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Laboratory experiments on the influence of environmental factors on the frequency of moulting and the increase in size at moulting of juvenile shore crabs, Carcinus maenas
Klein Breteler, W.C.M. (1975). Laboratory experiments on the influence of environmental factors on the frequency of moulting and the increase in size at moulting of juvenile shore crabs, Carcinus maenas, in: Klein Breteler, W.C.M. (1976). Oecologie van de strandkrab Carcinus maenas (L.) in de westelijke Waddenzee: een serie artikelen over de rol van strandkrabben in de voedselketens op het balgzand, met speciale aandacht voor de groei, produktie, migratie en bioënergetica tijdens het eerste levensjaar. : pp. 100-120
In: Klein Breteler, W.C.M. (1976). Oecologie van de strandkrab Carcinus maenas (L.) in de westelijke Waddenzee: een serie artikelen over de rol van strandkrabben in de voedselketens op het balgzand, met speciale aandacht voor de groei, produktie, migratie en bioënergetica tijdens het eerste levensjaar. PhD Thesis. Rijksuniversiteit te Leiden: Leiden. 376 pp., more

Also published as
  • Klein Breteler, W.C.M. (1975). Laboratory experiments on the influence of environmental factors on the frequency of moulting and the increase in size at moulting of juvenile shore crabs, Carcinus maenas. Neth. J. Sea Res. 9(1): 100-120, more

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  • Klein Breteler, W.C.M.

Abstract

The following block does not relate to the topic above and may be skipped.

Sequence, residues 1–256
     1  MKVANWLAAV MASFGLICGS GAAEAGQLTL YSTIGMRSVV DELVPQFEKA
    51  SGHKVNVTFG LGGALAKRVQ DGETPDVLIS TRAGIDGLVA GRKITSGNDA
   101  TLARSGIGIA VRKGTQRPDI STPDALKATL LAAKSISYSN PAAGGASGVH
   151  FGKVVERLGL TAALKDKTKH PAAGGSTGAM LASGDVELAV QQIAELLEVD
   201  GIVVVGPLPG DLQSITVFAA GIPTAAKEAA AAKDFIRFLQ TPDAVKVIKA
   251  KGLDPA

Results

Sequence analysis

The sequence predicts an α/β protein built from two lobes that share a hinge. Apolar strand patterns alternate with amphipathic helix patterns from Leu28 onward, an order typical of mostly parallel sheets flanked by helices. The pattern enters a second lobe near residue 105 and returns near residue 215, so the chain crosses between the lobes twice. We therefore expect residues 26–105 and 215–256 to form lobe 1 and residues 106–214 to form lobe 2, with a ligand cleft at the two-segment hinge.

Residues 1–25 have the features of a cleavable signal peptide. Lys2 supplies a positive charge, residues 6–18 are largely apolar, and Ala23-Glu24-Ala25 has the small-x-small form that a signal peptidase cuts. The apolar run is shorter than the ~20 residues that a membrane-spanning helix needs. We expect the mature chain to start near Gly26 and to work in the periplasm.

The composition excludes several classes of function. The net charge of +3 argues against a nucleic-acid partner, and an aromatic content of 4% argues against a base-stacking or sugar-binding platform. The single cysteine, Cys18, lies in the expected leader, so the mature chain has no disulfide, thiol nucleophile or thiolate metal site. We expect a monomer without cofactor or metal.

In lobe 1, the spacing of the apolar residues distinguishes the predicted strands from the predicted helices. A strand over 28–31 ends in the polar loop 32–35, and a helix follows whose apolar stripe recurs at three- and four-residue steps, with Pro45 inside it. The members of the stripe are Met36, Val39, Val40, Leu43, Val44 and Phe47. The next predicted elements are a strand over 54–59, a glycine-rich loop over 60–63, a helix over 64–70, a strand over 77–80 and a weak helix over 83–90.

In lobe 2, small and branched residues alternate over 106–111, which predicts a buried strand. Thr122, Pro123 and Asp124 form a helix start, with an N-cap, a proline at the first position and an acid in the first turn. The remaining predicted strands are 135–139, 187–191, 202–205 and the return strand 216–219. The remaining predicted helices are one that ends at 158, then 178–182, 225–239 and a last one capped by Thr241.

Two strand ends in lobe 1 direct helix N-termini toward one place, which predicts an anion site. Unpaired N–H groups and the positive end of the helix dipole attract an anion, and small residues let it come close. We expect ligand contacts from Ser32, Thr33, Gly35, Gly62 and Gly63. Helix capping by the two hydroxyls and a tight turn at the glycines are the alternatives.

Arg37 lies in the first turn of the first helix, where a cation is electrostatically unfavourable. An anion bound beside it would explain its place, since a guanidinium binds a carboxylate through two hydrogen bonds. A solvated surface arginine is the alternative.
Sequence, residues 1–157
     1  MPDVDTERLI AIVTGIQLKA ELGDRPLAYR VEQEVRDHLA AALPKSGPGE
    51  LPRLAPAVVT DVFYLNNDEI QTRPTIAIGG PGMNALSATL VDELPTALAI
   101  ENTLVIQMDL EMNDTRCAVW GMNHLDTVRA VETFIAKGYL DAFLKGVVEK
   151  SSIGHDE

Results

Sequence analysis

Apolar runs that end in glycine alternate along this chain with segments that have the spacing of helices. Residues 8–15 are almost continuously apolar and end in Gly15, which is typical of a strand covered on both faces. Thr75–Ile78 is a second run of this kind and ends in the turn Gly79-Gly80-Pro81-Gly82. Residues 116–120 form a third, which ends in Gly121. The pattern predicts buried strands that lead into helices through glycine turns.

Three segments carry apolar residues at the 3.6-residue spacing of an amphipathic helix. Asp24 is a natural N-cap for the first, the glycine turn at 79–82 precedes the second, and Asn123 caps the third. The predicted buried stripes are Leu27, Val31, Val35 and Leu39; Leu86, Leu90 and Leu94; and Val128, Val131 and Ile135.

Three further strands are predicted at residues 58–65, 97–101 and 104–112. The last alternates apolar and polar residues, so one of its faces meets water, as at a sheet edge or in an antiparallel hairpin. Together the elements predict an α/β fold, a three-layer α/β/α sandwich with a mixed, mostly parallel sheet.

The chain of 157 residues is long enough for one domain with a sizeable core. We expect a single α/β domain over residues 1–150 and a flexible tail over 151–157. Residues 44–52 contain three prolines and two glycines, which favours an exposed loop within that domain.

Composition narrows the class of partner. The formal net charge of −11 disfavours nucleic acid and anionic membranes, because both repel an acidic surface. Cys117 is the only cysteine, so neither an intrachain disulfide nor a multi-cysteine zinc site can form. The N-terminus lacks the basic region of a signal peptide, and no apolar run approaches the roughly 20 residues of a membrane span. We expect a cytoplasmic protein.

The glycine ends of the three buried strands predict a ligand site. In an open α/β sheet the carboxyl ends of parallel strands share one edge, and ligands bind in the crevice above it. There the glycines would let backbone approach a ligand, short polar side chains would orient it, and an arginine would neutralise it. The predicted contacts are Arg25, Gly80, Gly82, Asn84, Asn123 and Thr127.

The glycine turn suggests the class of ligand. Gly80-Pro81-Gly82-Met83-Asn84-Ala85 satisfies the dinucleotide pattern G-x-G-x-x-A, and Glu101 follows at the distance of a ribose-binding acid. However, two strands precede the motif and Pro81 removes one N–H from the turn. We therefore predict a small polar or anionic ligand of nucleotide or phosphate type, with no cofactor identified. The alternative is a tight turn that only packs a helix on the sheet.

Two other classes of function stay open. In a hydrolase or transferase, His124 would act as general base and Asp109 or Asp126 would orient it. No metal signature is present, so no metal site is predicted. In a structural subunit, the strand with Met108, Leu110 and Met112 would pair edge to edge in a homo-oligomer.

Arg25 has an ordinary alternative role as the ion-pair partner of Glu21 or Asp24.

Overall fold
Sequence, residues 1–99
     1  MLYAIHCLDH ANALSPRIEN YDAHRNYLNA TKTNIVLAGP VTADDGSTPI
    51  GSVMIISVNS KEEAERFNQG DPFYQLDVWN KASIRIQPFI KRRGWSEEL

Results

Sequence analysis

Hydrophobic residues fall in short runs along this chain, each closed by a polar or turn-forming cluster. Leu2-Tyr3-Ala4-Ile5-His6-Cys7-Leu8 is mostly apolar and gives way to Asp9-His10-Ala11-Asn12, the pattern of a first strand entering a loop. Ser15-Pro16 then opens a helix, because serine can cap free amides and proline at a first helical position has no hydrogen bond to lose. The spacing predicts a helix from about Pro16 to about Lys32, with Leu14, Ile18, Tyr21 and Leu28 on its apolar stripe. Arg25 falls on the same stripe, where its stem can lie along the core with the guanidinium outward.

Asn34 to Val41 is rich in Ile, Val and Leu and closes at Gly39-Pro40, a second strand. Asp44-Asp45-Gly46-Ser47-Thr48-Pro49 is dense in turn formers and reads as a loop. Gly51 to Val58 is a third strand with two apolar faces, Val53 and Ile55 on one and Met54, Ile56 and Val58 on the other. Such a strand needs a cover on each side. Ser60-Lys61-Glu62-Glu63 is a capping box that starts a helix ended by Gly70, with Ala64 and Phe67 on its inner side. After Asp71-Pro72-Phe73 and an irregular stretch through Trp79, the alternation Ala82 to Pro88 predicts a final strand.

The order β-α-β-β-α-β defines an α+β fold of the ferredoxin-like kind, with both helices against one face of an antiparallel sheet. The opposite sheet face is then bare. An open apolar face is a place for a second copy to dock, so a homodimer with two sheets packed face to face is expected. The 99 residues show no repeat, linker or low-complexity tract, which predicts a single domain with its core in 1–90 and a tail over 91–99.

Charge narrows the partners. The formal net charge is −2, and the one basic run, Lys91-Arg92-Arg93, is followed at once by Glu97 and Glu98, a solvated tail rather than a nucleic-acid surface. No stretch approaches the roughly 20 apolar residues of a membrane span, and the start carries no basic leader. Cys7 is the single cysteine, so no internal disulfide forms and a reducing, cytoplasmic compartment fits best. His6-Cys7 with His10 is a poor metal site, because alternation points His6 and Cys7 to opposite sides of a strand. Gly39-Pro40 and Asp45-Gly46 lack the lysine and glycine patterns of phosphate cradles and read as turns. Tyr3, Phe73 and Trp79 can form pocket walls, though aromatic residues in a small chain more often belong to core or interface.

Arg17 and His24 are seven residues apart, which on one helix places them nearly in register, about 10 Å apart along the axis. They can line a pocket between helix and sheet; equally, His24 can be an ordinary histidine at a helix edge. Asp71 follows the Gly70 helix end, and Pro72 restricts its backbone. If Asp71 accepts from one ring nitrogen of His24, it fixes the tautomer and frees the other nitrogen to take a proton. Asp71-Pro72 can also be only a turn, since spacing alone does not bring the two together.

Motivated by field observations, the influence of some environmental factors on the growth of Carcinus maenas (L. ) has been studied in the laboratory. To this end 312 shore crabs were raised separately, from the first crab stage to a carapace width of about 10 mm, under different laboratory conditions, viz. 8 combinations of 2 different salinities, temperatures and amounts of food. Distinction was made between the influence of these factors on 2 growth characteristics, viz. the duration of the interval between 2 consecutive moults and the increment in carapace width during the moult. The trend observed was that the moulting interval lasted longer and the relative size increment decreased as the crabs grew older. The factor food influenced the 2 characteristics considerably. With restricted food crabs needed about 50% more time to complete the first 6 moults than with an excess of food, while at the same time they remained about 25% smaller. The influence of temperature on the length of the interval between moults was even larger than that of the factor food. However, no significant influence on the size increment per moult has been found, although at the end of the experiment the crabs kept at 15° C were found to be significantly heavier than those kept at 20° C. Salinity did not affect the total time of development, although the duration of certain stages was found to be influenced significantly. In the seventh stage crabs reared at 22‰ S were found to be significantly larger than those raised at 30‰ S. A significant interaction was observed between temperature and amount of food, from which it appeared that with restricted feeding growth was less retarded-both by way of duration of stages and by size increment-at a low temperature than at a high temperature. At the end of the experiments no difference has been found between the carapace width of males and females under the influence of the various factors. In another experiment crabs raised collectively were not found to be hampered in their growth by competition; it seemed rather that the time interval between moults was somewhat shortened. Mortality increased significantly in the course of the experiment. Presumably increasing cannibalism played a role, at first only on moulting animals which are still soft, later also on animals with a hard exoskeleton.An attempt to study the influence of these grown-up crabs on the growth of younger crabs was unsuccessful by heavy predation of the older ones. The experiments show that there are environmental factors which might account for the decrease in average carapace width per crab stage in the course of the season, as has been observed in the field.

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